Quest 3 vs Quest 2: Should you wait for Meta's next VR headset?

2comments
We may earn a commission if you make a purchase from the links on this page.
Quest 3 vs Quest 2: Should you wait for Meta's next VR headset?
The Meta Quest 3 release date is closing in, and naturally VR fans may wonder whether it will be bringing significant improvements over its predecessor - the widely popular Quest 2 - and what those may be, so it's time for an early comparison. Stay tuned for the full one later on!

Quest 3 vs Quest 2 differences in a nutshell:
  • Higher display resolution on the Quest 3
  • 120Hz refresh rate by default on the Quest 3
  • 2 extra cameras and a depth sensor on the Quest 3
  • Faster processor and more RAM (12GB) on the Quest 3
  • Double the storage on the Quest 3
  • Color passthrough and new mixed reality features on the Quest 3
  • The Quest 3 will be thinner and lighter
  • Redesigned controllers, more compact on the Quest 3
  • New connector for docked charging on the Quest 3

Jump to:

Release date and price


Meta is expected to spill the beans on the Quest 3 at the company's Connect 2023 event on September 27. We speculate that the headset will release on October 10, but that's yet to be officially confirmed.

As for its price, the Quest 3 could be getting a bit more expensive than its predecessor. Previously Meta CEO Mark Zuckerberg has said that the VR headset will likely be in a "price range of $300, $400, or $500, that zone". So at best, we can expect it to be around $400, just like the Quest 2, and at worst, it may be getting $100 more expensive. Stay tuned for updates on the price, as soon as more information comes out!

The Meta Quest 2 (formerly Oculus Quest 2) was released back in 2020, on October 13. Its price starts at $399.99 for the base 128GB model, going up to $499.99 for the 256GB storage model. However, the 256GB model has recently been discounted to $429.99; check out the best Meta Quest 2 deals for more info on that.

Meta Quest 2 (256GB) + 2 GAMES, SAVE $64 NOW

This deal gets you a new Quest 2 with twice the base storage, and two games - GOLF+ and Space Pirate Trainer DX - with a clean discount.

Design and head strap



The Meta Quest 3 is shaping up to be quite different in the smaller details than its predecessor, while retaining the ski goggles look. The head straps remains very similar - thin, adjustable, with Velcro strips at the ends the overhead strap.

However, the Quest 3 headset itself has clearly gotten thinner (and supposedly lighter), plus now has a depth sensor, 6 cameras as opposed to 4, and three signature, pill-shaped elements at the center. The face cover appears to have been changed also, now looking more akin to a (potentially less skin-irritating) foam one.

On its bottom side, the Quest 3 also appears to have a dock connector, possibly compatible with the Meta Quest Pro's charging dock, although we can reasonably expect the Quest 3 to get its own dock also. This would make charging it a lot more easy and convenient, as users can have a dock near their nightstand and simply place the headset on it to charge, as opposed to reaching for cables and fishing for the tiny USB Type-C plug. However, that one would also remain available.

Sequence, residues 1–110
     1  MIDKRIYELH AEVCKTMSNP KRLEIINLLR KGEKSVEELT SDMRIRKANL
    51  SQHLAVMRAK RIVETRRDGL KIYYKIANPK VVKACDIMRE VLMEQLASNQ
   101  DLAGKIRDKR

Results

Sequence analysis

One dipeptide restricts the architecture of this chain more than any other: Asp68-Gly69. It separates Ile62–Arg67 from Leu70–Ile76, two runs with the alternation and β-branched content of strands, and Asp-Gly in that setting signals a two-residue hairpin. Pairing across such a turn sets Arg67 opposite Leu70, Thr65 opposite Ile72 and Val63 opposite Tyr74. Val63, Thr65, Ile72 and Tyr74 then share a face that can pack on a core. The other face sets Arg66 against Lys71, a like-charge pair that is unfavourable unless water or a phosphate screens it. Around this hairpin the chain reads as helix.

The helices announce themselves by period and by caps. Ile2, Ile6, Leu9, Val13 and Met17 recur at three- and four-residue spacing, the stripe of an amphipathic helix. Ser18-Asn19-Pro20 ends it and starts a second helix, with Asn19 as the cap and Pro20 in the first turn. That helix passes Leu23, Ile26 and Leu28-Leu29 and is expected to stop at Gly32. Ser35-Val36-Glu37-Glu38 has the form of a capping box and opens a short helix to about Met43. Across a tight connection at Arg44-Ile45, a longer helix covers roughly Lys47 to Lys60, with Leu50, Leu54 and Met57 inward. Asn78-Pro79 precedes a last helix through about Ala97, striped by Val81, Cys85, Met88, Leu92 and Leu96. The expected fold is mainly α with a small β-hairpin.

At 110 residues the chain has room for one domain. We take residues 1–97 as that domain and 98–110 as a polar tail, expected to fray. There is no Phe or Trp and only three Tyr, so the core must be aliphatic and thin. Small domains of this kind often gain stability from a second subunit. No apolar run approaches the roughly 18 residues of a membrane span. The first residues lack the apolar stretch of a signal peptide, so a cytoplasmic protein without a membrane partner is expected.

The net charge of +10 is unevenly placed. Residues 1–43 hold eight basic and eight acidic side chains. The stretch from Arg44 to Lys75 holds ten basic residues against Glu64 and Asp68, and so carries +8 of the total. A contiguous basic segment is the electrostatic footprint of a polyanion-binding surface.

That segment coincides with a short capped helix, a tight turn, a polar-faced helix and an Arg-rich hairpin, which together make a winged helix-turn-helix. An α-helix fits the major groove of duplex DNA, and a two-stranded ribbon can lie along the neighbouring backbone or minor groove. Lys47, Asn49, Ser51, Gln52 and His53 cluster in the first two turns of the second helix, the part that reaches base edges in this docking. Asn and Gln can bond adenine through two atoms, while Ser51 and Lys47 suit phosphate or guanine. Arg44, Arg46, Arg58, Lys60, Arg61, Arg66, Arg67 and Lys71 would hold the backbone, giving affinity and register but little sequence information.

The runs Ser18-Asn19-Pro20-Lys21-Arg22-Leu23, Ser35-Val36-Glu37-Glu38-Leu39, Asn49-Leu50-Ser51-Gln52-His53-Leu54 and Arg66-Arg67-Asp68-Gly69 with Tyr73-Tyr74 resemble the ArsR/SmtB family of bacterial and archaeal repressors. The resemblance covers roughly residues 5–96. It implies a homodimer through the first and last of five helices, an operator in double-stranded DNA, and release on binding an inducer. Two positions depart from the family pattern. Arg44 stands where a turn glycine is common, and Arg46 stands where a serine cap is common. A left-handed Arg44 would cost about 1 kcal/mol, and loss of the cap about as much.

As for the Meta Quest 2, that one is starting to look a lot more clean and minimalist in comparison. Its design is all plastic (the good kind, not the cheap kind), and it weighs around 500 grams when strapped to the user's face. It's not exactly heavy, but there's definitely room for making it lighter and more comfortable for long-term VR sessions.

It does not have a charging dock on the bottom, like the Quest 3 will, but it does feature a USB Type-C port, as well as all the other elements the two headsets will share - volume keys, a power key, two stereo speakers, and cameras. Only 4 on the Quest 2, though, and no depth sensor either.

Overall, while it may seem a bit bland to some, the minimalist design of the Quest 2 has been fantastic, and holds up reasonably well even close to 3 years later. Here's hoping the Quest 3 will be even more durable.

Display and IPD



Good news for Quest fans - it's been reported numerous times that the Quest 3 will feature notable display improvements over the Quest 2.

We expect that the Quest 3's display resolution will be 4128-by-2208 pixels, which is quite a bit higher than its predecessor's 3664-by-1920 (or 1832-by-1920 pixels per eye).

The Quest 3 may also have a default refresh rate of 120Hz, whereas the Quest 2 launched at 72Hz and eventually also got 120Hz via a software update, but 120Hz remains available only for a few supported apps.

From what we know so far, the Quest 3 will have a more intricate method of fine-tuning the IPD (Inter Pupillary Distance), using an IPD adjustment wheel located on the bottom left side of the headset. Whereas the Quest 2's IPD can be adjusted by snapping its lenses into 3 different fixed positions.

Speaking of the IPD, we can reasonably hope that the Quest 3 will support a higher IPD range than the Quest 2's 58-68 mm, but for now, we don't have any official information on reliable leaks to confirm it.

Performance and software



The Quest 3 will definitely perform better than the Quest 2, as it will feature a newer Snapdragon XR2 Gen 2 processor and 12GB of RAM, as opposed to only 6GB on the Quest 2. More RAM means quicker app management, being able to keep more apps running in the background, and thus - even better multitasking. To be fair, though, the Quest 2 is already a champ when it comes to loading games quickly or multi-window multitasking, and hasn't really showed any signs of struggling to keep up.

On the software side, it's almost certain that the Quest 3 will be running identical software, with an identical user interface, as its predecessor; again based on Android. But while the Quest 2's software is based on Android 10's source code, the Quest 3's software may have been updated to run Android 11 or 12. Regardless, none of that has any bearing on the user experience, so we won't be going into it.

Ultimately, we can expect the exact same experience (but quicker and smoother, both due to the higher specs of the Quest 3 and potentially-120Hz default refresh rate). In addition, the two headsets will very likely support the exact same library of games and apps, available for purchase or free download on the Oculus Quest Store.